I had written at length yesterday about the uneasy relationship I presently have with the institutional side of the Catholic Church – provoked by the relentless abuse crisis and the subsequent failures of the Church and hierarchy to act with any compassion or integrity toward the victims of such abuse, with disregard for the value of all people and with an utter absence of concern for anything other than institutional reputation and fiscal protection of assets. It isn’t an easy place to be. However, I had also noted the more rooted relationship I have with the ‘other side’ of the same Church – with the sacramental and spiritual side.
So the question this generates is how to find some kind of balance between the two? For, though these are two sides, it is the same Church. That is the dichotomy.
Do I want to leave the Church? No. Tempting though that can be at particular moments when I am most outraged by it’s action or inaction, the answer is still no. What, then, keeps me here as a member of this Church?
The answer is very simple.
There is much I can do alone as an individual Christian and Catholic. I can live out in my daily life, to the best of my ability, that which I profess to believe. I can try to emulate the person of Christ in His relationship to those around Him, particularly the most down-trodden, the hurt, the silenced, the overlooked, the ignored, the shunned and so many others. And I can pray. I can do all these things on my own without ‘needing’ to be a part of any Church.
But there is one thing I cannot do on my own, which can come only through the Church. And that is the Eucharist.
This faith of mine is communal as much as it is personal. The Eucharist is Christ – and it is Christ in community as much as in the individual person. It is about the relationship not only between Christ and I, but between Christ and all of us – and between each and every one of us. In this sense, the Eucharist is the ‘hub’ of this divine wheel of relationship.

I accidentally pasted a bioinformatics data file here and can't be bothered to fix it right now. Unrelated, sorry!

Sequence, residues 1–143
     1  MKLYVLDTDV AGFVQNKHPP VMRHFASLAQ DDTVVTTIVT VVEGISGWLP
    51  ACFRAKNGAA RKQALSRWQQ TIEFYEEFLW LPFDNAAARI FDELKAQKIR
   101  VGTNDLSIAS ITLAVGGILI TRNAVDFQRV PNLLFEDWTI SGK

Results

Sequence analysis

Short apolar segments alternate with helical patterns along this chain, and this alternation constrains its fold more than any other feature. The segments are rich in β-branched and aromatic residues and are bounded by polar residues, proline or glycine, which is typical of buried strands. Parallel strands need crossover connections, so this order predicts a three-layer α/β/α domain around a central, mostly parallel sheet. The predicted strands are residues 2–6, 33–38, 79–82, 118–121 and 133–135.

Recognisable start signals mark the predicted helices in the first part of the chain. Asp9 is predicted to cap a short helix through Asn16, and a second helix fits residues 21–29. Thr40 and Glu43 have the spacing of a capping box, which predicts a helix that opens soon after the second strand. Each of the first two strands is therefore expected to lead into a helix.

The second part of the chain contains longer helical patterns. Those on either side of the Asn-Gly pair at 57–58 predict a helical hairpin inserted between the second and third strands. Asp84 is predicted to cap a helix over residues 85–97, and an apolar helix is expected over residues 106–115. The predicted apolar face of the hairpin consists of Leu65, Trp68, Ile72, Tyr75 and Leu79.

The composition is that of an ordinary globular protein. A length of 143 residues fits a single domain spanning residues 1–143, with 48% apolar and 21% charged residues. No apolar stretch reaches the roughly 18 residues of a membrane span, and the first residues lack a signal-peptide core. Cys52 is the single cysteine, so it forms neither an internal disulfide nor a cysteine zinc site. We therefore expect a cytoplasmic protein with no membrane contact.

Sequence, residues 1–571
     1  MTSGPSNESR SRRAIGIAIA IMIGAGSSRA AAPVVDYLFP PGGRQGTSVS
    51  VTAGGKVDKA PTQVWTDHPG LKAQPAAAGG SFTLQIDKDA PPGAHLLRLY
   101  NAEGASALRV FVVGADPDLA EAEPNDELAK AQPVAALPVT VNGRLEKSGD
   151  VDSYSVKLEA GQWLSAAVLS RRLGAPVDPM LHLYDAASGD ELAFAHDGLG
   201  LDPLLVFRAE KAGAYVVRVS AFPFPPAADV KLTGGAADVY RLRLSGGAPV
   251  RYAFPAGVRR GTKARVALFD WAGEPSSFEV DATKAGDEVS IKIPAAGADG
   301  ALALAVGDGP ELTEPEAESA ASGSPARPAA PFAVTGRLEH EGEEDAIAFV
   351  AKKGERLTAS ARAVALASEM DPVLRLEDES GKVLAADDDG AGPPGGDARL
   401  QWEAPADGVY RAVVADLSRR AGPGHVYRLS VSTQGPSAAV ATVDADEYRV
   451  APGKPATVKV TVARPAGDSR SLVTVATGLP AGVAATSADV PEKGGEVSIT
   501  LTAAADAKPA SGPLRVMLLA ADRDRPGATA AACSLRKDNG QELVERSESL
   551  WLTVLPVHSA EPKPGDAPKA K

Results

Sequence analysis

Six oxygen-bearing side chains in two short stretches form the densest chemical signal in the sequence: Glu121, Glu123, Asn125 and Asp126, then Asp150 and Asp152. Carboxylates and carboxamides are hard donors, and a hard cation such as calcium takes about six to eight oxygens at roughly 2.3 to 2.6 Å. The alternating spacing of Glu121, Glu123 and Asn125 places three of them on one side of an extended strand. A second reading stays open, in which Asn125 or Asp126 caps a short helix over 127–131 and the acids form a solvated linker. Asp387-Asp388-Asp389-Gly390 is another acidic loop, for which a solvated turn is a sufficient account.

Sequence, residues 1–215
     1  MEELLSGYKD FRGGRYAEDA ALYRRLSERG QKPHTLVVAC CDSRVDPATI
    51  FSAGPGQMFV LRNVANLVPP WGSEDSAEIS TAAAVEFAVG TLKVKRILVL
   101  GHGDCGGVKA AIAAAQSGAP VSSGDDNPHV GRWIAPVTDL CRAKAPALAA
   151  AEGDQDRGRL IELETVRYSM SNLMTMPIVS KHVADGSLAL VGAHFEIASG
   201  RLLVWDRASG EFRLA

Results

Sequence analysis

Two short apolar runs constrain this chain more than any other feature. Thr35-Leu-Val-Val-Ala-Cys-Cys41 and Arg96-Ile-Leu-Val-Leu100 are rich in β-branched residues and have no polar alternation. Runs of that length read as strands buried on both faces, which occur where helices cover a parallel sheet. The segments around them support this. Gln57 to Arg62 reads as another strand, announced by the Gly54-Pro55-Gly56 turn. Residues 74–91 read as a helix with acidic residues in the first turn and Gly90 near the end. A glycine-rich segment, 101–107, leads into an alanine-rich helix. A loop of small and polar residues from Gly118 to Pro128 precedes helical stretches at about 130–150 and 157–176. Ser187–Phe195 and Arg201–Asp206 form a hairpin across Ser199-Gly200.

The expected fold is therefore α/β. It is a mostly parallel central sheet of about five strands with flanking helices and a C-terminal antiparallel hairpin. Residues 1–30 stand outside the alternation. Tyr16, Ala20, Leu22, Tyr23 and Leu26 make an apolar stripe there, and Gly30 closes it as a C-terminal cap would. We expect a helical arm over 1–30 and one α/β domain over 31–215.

Consequently, regardless of how irate I might feel at so much that is wrong with the institution of the Church, here I am and here I will remain.
But I spoke of finding balance; how do I try to achieve that?
For all those areas I wrote about yesterday, I need a plan. And it is this.
First, I have to do all in my power to support those most intimately touched by all the issues of which I spoke. That means, first and foremost, listening to them and making sure their voices can speak out and are clearly heard, and supporting them in this. These voices are, despite the silencing they continue to be subject to, the ones which will – ultimately – change things for the better. If they do not or cannot speak out, everything stays the same. And I have to encourage and enable others to do the same.
Second, I have to do whatever I can to throw light on the darkness which hangs like a pall across the institutional Church, and to hold to account those who have so egregiously – and deliberately – failed in the promises they made publicly to the people of God, who are the Church. Only light can banish this darkness and so we all need to be very honest about this devastating and on-going crisis of morality and of faith.
Third, I have to recognise that what I am able to achieve is necessarily limited, for I am nothing really, no more than one person. That said, individual people are often able to achieve more than they might initially imagine. Recognising my littleness, I have to hand it all over to the One who is truly and perfectly able to change things – God. That’s where prayer comes in. Prayer can and does change things – not of itself, but by the One to whom it is addressed.
Lastly, I need to do all this with charity and with humility. Pride, arrogance and presumption sound the death knell of good intentions.
I suspect the ‘prayer’ part is where I will need to rely most greatly.
All of this, at the end, has to be clothed in hope; hope that there remains some inherent goodness within the Church and her hierarchy. Hope that amongst all the evil which is undoubtedly present there is, too, something worth saving and which will triumph eventually.
I shall keep praying.